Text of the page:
The researchers expected that a specific target (the rapamycin or mTOR pathway, an early event in tobacco-induced lung cancer) would be inhibited by metformin.

"After about 10% of the mouse lifespan — about 12 weeks — with the highest dose in the drinking water, we found a 33% reduction in tumor multiplicity and a 34% reduction in tumor size in the mice. In mice that did not get metformin, 100% got tobacco carcinogen-induced lung tumors," Dr. Dennis said at the press briefing. Overall, metformin reduced lung tumor burden by up to 53% at steady-state plasma concentrations that can be achieved in humans.

Despite this, mTOR was only modestly inhibited, so the researchers moved to intraperitoeal administration to achieve higher dose levels. This showed that metformin activated 5′-AMP-activated protein kinase in liver tissue (but not lung tissue), where it inhibited phosphorylation of the insulin-like growth factor (IGF)-1/insulin receptor. Mice injected with metformin daily for 12 weeks had a 72% reduction in tumor burden.

"We think that metformin was able to inhibit lung tumorigenesis caused by a tobacco carcinogen — when given in drinking water to achieve levels that could be attained in humans and when given by injection — and that the mechanism involves hormone release from the liver. We are planning to move forward to study metformin as a chemopreventive agent in clinical trials," Dr. Dennis said.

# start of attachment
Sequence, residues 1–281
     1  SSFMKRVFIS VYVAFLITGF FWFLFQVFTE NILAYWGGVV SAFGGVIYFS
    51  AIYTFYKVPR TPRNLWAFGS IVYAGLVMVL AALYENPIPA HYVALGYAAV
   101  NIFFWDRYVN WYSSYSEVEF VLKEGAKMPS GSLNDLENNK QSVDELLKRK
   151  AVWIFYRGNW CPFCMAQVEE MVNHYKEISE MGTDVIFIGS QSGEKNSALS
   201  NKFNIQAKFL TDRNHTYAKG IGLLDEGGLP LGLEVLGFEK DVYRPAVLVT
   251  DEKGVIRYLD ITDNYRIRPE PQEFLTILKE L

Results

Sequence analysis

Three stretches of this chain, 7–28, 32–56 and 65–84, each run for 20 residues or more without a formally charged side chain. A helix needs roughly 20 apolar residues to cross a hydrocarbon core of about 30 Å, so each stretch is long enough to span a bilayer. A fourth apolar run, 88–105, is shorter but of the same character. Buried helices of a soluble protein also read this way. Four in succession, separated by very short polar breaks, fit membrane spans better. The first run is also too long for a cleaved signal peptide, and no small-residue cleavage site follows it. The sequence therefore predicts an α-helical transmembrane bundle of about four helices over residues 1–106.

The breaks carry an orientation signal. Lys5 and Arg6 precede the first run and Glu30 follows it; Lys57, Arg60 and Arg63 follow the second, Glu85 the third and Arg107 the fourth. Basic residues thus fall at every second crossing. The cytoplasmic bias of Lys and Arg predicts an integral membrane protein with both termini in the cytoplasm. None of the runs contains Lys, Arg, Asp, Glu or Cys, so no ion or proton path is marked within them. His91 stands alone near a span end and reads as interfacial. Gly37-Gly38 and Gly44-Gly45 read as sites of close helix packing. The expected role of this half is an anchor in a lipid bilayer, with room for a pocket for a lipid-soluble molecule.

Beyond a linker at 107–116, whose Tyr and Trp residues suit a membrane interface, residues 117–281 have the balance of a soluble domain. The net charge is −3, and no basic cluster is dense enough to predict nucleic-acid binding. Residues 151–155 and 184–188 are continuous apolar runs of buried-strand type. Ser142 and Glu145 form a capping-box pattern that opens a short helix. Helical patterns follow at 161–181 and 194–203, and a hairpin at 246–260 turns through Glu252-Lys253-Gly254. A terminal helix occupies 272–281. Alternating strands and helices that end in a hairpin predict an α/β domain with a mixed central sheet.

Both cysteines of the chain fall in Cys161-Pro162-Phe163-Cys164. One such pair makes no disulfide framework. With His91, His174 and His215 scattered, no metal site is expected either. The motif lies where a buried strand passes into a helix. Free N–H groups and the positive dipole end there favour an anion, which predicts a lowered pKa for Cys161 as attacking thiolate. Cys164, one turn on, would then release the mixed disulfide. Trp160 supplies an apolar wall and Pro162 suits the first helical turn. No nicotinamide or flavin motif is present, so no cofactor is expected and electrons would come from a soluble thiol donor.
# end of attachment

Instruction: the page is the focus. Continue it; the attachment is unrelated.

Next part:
Lewis Cantley, MD, from Beth Israel Deaconess Medical Center in Boston, Massachusetts, suggested at the press briefing that metformin might prevent tumors by reducing levels of insulin and IGF-1. He noted that 2 approaches to treating type 2 diabetes (insulin, which increases insulin levels, and metformin, which decreases them) appear to have opposite effects on cancer risk.

Dr. Pollak said that "metformin's effects in animals are similar to those of a brief period of fasting. On a normal diet, metformin fools the liver into thinking it is fasting."

It fell to Dr. Cantley to mention the elephant in the room: metformin is off patent and unlikely to attract pharmaceutical industry support for clinical trials to established the drug as a general cancer preventive. "This will have to have millions of dollars in either private or NCI support," he said.

Dr. Pollak reports consulting for Merck, Novo-Nordisk, Lilly, Pfizer, and Sanofi-Aventis. Dr. Hosono and Dr. Dennis have disclosed no relevant financial relationships. Dr. Cantley is founder of and a consultant for Agios.

Cancer Prev Res (Phila Pa). 2010;3:1049-1052, 1060-1065, 1066-1076, 1077-1083.

Janis Kelly is a freelance writer for Medscape. She has been a medical journalist since 1976, with extensive work in rheumatology, immunology, neurology, sports medicine, AIDS and infectious diseases, oncology, and respiratory medicine.

http://www.medscape.com/viewarticle/728036